“Now I look back on it, I’ve said to Josef that I really wish that he could have come into this type of situation as rookie, because I’m sure it would’ve been the same thing for him,” he says of Team Penske’s 2017 title winner. “He didn’t get this type of situation that Colton’s getting. But I just can’t say enough about the job Colton’s done. It’s pretty exceptional.”
As the old racing adage goes, it’s easier to slow down a fast driver then to speed up a slow one. In that regard, O’Rourke and the HSR team are fortunate with Herta.
“I’m probably not the responsible adult to answer in this situation,” O’Rourke laughs. “I know he’s aggressive, and I’m really aggressive too. I think that you might’ve seen that a little bit at Indy, where we put in a good speed. We’re in the Fast Nine, but we’re both like, that’s not nearly good enough. Let’s go back out and do it again. I think a lot of people were shocked that we did that, but it was the right thing to do. We knew we were faster. We knew we weren’t taking any risks, and we wanted it to be more comfortably in there, so we went back out.”
Taming some of his bolder urges in the races, though, would certainly help to improve his points-per-start ratio.
Unbothered by contact, Herta’s demonstrated a willingness – and possibly a little bit of glee – in rubbing wheels and trading paint while fighting for track position. Whether it’s forcing the issue to get by or forcing the issue to avoid being passed, Herta’s cultivating a reputation as someone willing to playing harder and take more risks than any of his rivals.
Is it a case of youthful invincibility manifesting itself in his daring driving style, or is he setting the bar to new and uncomfortable heights for the rest of the field to reach?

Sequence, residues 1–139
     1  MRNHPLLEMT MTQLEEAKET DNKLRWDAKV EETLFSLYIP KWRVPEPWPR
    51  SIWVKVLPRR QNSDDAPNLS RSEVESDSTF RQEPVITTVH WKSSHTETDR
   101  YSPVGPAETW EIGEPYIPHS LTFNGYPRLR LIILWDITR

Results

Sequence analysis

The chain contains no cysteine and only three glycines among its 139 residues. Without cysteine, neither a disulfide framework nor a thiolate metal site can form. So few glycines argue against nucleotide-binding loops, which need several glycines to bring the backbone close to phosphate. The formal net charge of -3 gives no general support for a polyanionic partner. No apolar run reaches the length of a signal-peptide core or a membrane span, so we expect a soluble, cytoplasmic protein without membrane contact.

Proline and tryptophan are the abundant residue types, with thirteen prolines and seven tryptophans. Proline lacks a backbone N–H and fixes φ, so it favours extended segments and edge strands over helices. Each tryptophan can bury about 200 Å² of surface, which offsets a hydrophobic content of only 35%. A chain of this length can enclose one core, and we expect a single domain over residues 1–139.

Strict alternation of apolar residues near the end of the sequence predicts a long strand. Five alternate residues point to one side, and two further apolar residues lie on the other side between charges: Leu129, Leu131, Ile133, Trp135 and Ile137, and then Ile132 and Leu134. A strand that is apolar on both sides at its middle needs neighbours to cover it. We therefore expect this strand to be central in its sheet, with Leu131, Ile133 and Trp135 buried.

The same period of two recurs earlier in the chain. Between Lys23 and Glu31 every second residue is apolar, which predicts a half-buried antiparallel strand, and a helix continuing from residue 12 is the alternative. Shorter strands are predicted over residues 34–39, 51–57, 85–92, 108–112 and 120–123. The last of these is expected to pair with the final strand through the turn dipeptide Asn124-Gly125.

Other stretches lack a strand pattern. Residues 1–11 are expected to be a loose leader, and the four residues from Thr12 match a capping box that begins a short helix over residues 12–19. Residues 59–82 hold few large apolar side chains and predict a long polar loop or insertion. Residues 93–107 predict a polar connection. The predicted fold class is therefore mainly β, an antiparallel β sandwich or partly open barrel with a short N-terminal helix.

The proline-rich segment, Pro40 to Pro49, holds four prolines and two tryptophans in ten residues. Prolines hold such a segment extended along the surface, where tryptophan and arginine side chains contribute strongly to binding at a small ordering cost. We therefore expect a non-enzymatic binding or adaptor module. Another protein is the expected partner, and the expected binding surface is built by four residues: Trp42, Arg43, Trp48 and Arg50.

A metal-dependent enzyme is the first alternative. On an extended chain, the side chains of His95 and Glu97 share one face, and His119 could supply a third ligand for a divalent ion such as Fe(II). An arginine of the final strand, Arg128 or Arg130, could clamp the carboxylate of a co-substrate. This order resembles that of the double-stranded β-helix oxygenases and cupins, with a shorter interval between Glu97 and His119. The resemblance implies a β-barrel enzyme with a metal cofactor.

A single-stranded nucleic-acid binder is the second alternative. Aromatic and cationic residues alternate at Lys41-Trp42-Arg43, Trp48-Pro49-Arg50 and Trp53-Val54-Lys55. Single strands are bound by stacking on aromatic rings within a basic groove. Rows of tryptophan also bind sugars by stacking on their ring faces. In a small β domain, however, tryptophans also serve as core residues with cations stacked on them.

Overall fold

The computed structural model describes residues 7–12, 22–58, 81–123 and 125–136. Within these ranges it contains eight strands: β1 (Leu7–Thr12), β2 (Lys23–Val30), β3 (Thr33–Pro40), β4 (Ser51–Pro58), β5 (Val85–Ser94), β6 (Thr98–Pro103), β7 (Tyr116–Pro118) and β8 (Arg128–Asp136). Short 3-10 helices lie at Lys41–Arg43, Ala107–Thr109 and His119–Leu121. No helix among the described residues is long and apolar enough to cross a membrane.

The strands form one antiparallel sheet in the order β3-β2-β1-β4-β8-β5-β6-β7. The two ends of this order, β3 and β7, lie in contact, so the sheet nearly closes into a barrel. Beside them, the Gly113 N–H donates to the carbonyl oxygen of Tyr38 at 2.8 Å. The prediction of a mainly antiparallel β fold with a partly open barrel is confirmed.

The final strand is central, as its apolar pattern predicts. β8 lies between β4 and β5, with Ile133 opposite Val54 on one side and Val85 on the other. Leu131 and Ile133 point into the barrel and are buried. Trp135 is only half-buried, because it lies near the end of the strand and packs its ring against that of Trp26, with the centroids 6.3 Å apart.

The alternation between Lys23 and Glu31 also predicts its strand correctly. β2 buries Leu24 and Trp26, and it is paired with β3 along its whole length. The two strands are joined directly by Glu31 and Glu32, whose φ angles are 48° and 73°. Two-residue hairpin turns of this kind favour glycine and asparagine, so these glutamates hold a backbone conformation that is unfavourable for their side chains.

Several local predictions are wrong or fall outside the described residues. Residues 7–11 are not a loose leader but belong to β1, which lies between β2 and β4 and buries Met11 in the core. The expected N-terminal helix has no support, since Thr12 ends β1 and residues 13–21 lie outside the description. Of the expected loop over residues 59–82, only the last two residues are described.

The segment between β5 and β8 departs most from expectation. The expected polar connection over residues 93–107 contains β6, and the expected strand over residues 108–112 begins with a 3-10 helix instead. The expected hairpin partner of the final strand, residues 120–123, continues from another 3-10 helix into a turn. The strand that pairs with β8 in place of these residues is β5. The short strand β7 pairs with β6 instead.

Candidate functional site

“In those situations, I think the last thing you want to do is give up what you’re good at, which in this case is going fast,”O’Rourke says. “If you take the Texas situation [where he crashed] with Dixon for instance, Colton earned that pass, right? If he backs out of that, then immediately everybody sees that and knows that when those situations come up, they don’t need to worry about it because he’s going to back out. But in my opinion, there was zero reason for him to back out of that pass. Colton was alongside him. There wasn’t enough room, and they crashed.”
With his unforgettable win at Circuit of The Americas as 2019’s high mark, and a pair of eighth-place finishes as his next-best results, Herta could use clean runs this weekend in Toronto, the following weekend in Iowa, and once more a week later at Mid-Ohio to improve from his current home of 14th in the championship standings.
Presently ranked third among a rich crop of rookies, catching Chip Ganassi Racing’s Felix Rosenqvist for top honors could take a heightened degree of risk management. Thinking ahead, O’Rourke isn’t sure it’s the right thing to ask of Herta.
“You look at a position we’re in right now: Would it be great to be in a top 10 in points? Yeah. Would it be great to be the Rookie of the Year? For sure. I still think that those things are going to happen,” he says.
“But if you establish a reputation as the guy who’s going to give up on every pass that he earns, then you talk about the sophomore season, junior season, that’s going to carry over for a long time, and that’s going to be a hard reputation to fix.”
The powerful bond between O’Rourke and Herta appears to stem from a shared flair for all things brash and audacious. Taming Herta, in O’Rourke’s view, would be the wrong move. If and when Herta’s fighting for championships for HSR, Andretti, maybe McLaren, or another front-runner in the years to come, he’ll have his validation.
“I think people know now that he’s fast and, if he comes up alongside you for a pass, he’s not going to give it up,” he says. “Unless you want to risk both of your races, you probably ought to back out. I think maybe that’s the wrong thing. Maybe team owners are going to read this and say, ‘Oh man, you need to be a bit more conservative.’ But I think it’s in everybody’s best interest to let him do what he does well, and if he’s earned that pass, then he needs to take it.”